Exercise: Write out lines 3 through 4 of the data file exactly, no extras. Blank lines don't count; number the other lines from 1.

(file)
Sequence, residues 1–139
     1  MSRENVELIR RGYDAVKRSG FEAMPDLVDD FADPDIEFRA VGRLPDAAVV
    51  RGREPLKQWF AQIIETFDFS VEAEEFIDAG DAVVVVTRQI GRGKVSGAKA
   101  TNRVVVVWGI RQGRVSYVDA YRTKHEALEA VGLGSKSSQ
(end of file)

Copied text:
    51  RGREPLKQWF AQIIETFDFS VEAEEFIDAG DAVVVVTRQI GRGKVSGAKA
   101  TNRVVVVWGI RQGRVSYVDA YRTKHEALEA VGLGSKSSQ